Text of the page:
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Colorado Criminal Defense Blog

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Since going completely legal in 2014, marijuana use in Colorado has risen dramatically. Despite lifts on restrictions, however, there are still laws surrounding the use of cannabis and its related substances.

Many of these laws reference the business side of the “budding” industry. They dictate where shops can be open, what they can sell, etc. There are also a number of laws that put in place restrictions on the actual consumers of marijuana products.

Just like alcohol and tobacco products, cannabis use is tempered by age restrictions. Anyone under the legal age using the substance, or anyone providing for someone under the legal age, is in violation of the law.

According to Colorado law, when you provide marijuana to someone legally underage, you are contributing to the delinquency of a minor.

What Restrictions Does Colorado Pose on Marijuana Use?

The legal age for consuming marijuana in any form is 21. This is the same for residents of Colorado as well as non-residents visiting for marijuana tourism. The laws on this are quite clear and there are no exceptions.

“Red Card” Holders Under 21 Require an Adult

This law also applies to holders of medical cannabis cards in the state of Colorado. Medical Cannabis Registry card holders, also known as “red cards”, who are under the legal age of 21, must still have someone who is aged 21 or older supply them with medical marijuana.

Never Hold More Than a Single Ounce

It is not only illegal to buy marijuana under the age of 21, but also to be in possession of or use it as well. For people who are of legal age, you can possess up to 1 ounce of marijuana and no more. Possession of over 1 ounce of marijuana can lead to arrest and legal charges being brought against you.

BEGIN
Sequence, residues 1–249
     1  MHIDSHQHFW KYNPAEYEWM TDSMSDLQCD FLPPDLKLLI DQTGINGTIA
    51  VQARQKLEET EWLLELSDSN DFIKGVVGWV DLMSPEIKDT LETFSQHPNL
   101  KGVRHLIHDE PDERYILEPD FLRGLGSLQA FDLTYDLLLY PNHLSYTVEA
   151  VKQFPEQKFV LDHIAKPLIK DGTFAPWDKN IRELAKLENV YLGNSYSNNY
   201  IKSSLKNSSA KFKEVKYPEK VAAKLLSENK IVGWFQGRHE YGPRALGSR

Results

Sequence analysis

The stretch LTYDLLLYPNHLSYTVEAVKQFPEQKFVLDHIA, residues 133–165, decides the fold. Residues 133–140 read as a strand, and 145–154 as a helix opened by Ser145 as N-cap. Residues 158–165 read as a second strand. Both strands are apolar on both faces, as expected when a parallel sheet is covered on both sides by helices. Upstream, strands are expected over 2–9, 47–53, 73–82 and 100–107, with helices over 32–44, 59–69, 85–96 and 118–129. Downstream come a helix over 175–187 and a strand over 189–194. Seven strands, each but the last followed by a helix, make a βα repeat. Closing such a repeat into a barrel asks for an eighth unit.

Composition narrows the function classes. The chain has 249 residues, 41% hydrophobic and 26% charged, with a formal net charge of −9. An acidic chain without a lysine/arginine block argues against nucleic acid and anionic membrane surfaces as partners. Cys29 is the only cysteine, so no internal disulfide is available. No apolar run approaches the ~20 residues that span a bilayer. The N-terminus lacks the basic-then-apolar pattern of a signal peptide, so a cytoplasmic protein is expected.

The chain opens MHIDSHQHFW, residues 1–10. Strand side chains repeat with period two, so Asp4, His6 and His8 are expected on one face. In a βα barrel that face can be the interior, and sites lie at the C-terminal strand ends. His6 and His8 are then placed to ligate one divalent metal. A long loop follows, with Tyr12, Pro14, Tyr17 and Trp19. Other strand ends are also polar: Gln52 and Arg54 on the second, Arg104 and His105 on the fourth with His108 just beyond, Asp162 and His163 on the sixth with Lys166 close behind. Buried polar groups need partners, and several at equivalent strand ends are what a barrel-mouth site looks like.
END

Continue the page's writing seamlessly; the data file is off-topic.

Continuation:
No Smoking in Public

Marijuana can only be consumed on private property and not in public places. This includes national parks, ski resorts, public parks, concert venues, restaurants and bars, and other public venues. Renters and visitors must check with property owners before using marijuana on-site.

What Happens When You Give Marijuana to a Minor in Colorado?

Let’s cut to the chase: Get caught providing marijuana to minors, plan on facing felony charges. This goes for all situations.

  • Say you are a 21-year-old buying marijuana for your 20-year-old friend, you are in violation of the law.
  • When you’re 22 and your little brother or sister is 18 so you buy them marijuana to share, you are still breaking the law.
  • Even further, legal adults purchasing marijuana for someone under the age of 18? This is considered contributing to the delinquency of a minor.

Contributing to the Delinquency of a Minor

The law itself states that: “Any person who induces, aids or encourages a child to violate any federal or state law, municipal or county ordinance, or court order commits contributing to the delinquency of a minor”.

Punishment for a class 4 felony is usually equal to two years in prison and a fine of $2,000, plus three years of mandatory parole. That said, depending upon the circumstances surrounding your case, the maximum penalty can be six years in prison and a fine not to exceed $500,000. Three years’ parole is still a requirement.

Drug-Free Zones Add Years to Your Sentence

If you’re caught within the bounds of a drug-free zone — say you live within a certain distance from a school or other public location known to cater to children — what could have been considered a “normal” felony charge is suddenly compounded. You could add 8 years on top of your sentence.

, Before You Puff and Pass in CO, Might Want to Check Your Friend’s ID

Our advice? Think twice before your puff and pass. Is your smoking buddy of legal age? And if not, think about exactly what you have to lose.

If it’s too late, and you’re already in a situation that requires legal navigation, reach out to an experienced Colorado drug crime attorney for advice. You’ll be glad you did.

 

About the Author:

Kimberly Diego is a criminal defense attorney in Denver practicing at The Law Office of Kimberly Diego. She obtained her undergraduate degree from Georgetown University and her law degree at the University of Colorado. She was named one of Super Lawyers’ “Rising Stars of 2012 & 2019” and “Top 100 Trial Lawyers in Colorado” for 2012-2020 by The National Trial Lawyers. Both honors are limited to a small percentage of practicing attorneys in each state.  She has also been recognized for her work in domestic violence cases.

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